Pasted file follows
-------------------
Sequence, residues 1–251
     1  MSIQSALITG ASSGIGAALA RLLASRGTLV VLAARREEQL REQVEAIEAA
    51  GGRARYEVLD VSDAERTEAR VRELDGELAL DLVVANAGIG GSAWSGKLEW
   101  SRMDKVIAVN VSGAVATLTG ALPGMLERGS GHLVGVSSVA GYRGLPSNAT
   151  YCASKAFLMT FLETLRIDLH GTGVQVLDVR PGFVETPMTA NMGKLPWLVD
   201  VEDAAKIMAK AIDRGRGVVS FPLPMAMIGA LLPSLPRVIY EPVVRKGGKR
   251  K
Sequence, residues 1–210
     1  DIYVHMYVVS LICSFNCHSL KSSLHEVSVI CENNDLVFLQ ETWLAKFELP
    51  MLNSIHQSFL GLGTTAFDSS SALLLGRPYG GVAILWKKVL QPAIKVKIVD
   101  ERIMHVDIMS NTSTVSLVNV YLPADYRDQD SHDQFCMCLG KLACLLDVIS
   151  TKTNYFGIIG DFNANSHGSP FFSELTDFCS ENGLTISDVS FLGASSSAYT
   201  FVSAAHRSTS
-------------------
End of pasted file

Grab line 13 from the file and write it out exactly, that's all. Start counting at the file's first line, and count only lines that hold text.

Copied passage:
   201  FVSAAHRSTS